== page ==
2013-10-11 / Community Events

Five things your dentist may not tell you

By Maj. Brandon Coleman
Tingay Dental Clinic

Most people do not spend much time worrying about their teeth. The majority of people spend less than two minutes a day on dental hygiene. October is National Dental Hygiene Month and is an appropriate time to highlight the role that dental hygiene plays in oral health. It is the cheapest, easiest, and most painfree way to keep the teeth healthy for a lifetime. The American Dental Hygiene Association’s 2013 theme is very simple: “Brush, Floss, Rinse, Chew.” Brush twice a day, floss once daily, use a mouthrinse, and chew sugar-free gum to reduce the acid levels in the mouth. In addition, here are some common myths and misconceptions.

Misconception 1

“I’m good at brushing.” Brushing is like driving – most people consider themselves above average, but oftentimes that is not the case. The dental community stresses two minutes of brushing twice a day. Look at a watch tonight and see that two minutes is seemingly a long time. Since most people brush the same way every single time, honest feedback from a dentist or hygienist is important to ensure that a person is brushing as they should. When younger, people brush to avoid caries, cavities, that typically occur at the tops of the teeth, occlusal surfaces. As people age, a person’s caries risk decreases and are more prone to gingivitis and periodontal disease. The bacteria that cause these are located where the tooth meets the gingival, gumline. So adults that are still primarily brushing the occlusal surfaces of their teeth to avoid caries are actually missing the bacteria that needs to be removed. And, yes, floss, as it is important. There is a technique to flossing as well, so consult a hygienist.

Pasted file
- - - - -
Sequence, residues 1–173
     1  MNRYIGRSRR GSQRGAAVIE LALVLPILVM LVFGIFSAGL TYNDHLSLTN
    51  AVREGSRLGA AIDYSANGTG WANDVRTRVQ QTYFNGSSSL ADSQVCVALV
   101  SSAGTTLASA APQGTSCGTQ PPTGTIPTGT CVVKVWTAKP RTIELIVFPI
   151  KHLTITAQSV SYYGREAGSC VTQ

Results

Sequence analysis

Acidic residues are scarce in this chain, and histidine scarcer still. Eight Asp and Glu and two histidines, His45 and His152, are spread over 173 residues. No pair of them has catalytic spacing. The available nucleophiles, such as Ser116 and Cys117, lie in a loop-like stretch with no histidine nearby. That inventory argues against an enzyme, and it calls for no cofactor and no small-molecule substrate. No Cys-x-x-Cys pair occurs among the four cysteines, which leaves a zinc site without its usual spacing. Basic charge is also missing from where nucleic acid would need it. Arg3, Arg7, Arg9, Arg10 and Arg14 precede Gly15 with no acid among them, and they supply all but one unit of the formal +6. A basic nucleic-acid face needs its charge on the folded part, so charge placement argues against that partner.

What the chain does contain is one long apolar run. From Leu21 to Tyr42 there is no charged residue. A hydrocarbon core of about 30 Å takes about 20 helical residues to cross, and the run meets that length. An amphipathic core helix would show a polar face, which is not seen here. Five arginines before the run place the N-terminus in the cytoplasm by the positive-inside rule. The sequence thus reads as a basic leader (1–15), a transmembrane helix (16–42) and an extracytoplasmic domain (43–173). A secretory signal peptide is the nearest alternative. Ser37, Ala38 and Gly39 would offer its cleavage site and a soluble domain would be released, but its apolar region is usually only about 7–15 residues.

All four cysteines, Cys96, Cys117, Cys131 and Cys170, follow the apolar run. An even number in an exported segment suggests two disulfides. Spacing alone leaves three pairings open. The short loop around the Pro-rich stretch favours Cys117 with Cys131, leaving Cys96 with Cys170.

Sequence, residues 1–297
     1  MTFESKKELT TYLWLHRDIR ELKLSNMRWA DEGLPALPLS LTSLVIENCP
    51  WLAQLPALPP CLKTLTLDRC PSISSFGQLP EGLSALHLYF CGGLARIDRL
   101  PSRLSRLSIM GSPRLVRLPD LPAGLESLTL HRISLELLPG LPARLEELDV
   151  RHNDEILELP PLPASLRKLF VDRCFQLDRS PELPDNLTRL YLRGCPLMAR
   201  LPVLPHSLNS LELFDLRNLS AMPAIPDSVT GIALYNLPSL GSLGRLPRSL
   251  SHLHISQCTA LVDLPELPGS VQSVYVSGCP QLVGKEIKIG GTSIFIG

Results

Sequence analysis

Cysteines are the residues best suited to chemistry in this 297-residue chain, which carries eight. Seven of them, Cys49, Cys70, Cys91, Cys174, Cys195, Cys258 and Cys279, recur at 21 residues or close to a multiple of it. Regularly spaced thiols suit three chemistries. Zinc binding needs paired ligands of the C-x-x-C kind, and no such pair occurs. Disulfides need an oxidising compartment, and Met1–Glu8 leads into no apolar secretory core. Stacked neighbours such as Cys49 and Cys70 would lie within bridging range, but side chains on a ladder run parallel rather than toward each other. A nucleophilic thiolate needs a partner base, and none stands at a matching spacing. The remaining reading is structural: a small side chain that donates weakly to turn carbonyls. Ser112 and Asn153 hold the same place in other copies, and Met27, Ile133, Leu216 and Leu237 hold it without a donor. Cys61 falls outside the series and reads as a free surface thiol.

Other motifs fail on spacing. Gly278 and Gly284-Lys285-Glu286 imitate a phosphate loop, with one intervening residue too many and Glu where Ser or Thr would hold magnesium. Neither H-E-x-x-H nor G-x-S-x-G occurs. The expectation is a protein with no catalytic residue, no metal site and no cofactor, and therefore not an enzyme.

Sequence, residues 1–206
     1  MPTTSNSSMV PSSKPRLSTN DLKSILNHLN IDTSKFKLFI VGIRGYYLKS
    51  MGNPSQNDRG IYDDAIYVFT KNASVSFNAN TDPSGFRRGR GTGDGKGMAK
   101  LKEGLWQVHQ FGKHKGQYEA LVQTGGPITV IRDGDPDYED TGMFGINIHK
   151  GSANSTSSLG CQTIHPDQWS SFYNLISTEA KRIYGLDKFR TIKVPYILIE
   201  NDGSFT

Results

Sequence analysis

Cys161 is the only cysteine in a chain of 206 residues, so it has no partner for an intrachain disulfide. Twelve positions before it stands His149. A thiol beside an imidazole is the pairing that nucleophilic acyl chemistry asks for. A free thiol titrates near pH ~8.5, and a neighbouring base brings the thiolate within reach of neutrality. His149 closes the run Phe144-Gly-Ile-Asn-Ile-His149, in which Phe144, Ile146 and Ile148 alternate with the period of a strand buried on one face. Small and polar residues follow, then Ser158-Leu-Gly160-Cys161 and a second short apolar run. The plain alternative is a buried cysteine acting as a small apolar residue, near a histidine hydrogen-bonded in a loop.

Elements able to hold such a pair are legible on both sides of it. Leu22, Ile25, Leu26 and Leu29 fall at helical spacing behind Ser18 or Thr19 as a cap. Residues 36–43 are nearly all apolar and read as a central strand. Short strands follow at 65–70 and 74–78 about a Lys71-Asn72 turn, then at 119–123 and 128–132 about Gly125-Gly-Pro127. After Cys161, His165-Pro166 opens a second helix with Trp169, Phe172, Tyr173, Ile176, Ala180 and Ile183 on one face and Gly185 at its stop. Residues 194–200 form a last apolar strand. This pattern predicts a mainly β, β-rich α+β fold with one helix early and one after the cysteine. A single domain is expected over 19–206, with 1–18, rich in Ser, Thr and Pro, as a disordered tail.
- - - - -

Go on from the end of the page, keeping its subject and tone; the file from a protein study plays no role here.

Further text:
Misconception 2

“Teeth are a low priority.” Oral health is a component of Soldiers’ overall health and wellness. Dental problems commonly affect unit readiness and remarkably most are completely preventable. Unit leadership does not want to be burdened with dental problems that could have been avoided. The Army Dental Corps is rolling out its new Go First Class Campaign in order to streamline the process, cut down on wait times, and serve the Soldiers faster. By combining routine appointments, the Dental Corps aims to give Soldiers a better overall experience. But, Soldiers must do their part and be proactive about addressing problems. They must also refer back to misconception 1.

Misconception 3

“My teeth have never bothered me.” Recent studies suggest that as many of half of Americans have some form of periodontal disease. While many cases are mild, these numbers are much higher than once thought. Periodontal disease is a long-term infection that has no symptoms initially, but if not treated can result in tooth loss. Early detection is key. The dental hygienist is a critical part of the dental team and frequent routine cleanings will help prevent or control the disease process.

Misconception 4

“My teeth are infected and the infection will spread to my brain.” Patients will sometimes come to a dental appointment out of a fear that the infection in their mouth will spread throughout the body. Researchers have found little evidence to support such claims. The association between periodontal disease and diabetes is well established, however it is not so clear with other medical conditions.

Misconception 5

“ The Army dental insurance is awful.” The dental insurance provided to Service members’ dependents is similar to most other dental insurances in terms of what it covers and how much it provides. Dental insurance simply cannot cover all of your dental expenses. If it did cover 90 percent or 100 percent of everything, to include braces or implants, then premiums each month would be unaffordable. The dental insurance is a good value. In fact, insurance pays for itself after the first cleaning appointment alone. Remember that it is an investment, and insurance helps, but was never meant to cover everything. Again, working with a hygienist and preventing problems is much easier than paying for expensive treatment later.

Prevention is critical when it comes to oral health. All the above issues can be avoided with an emphasis on oral hygiene. The dental team, to include the hygienist, can help improve a person’s dental health. Most people only spend an hour a year in the dentist’s office. How people maintain their teeth the other 364 days and 23 hours of the year makes a huge difference in their overall dental health. Being proactive and preventing future problems will save money and stress in the long run. Since October is Dental Hygiene month, now may be as good a time as any to make an appointment if you are due.

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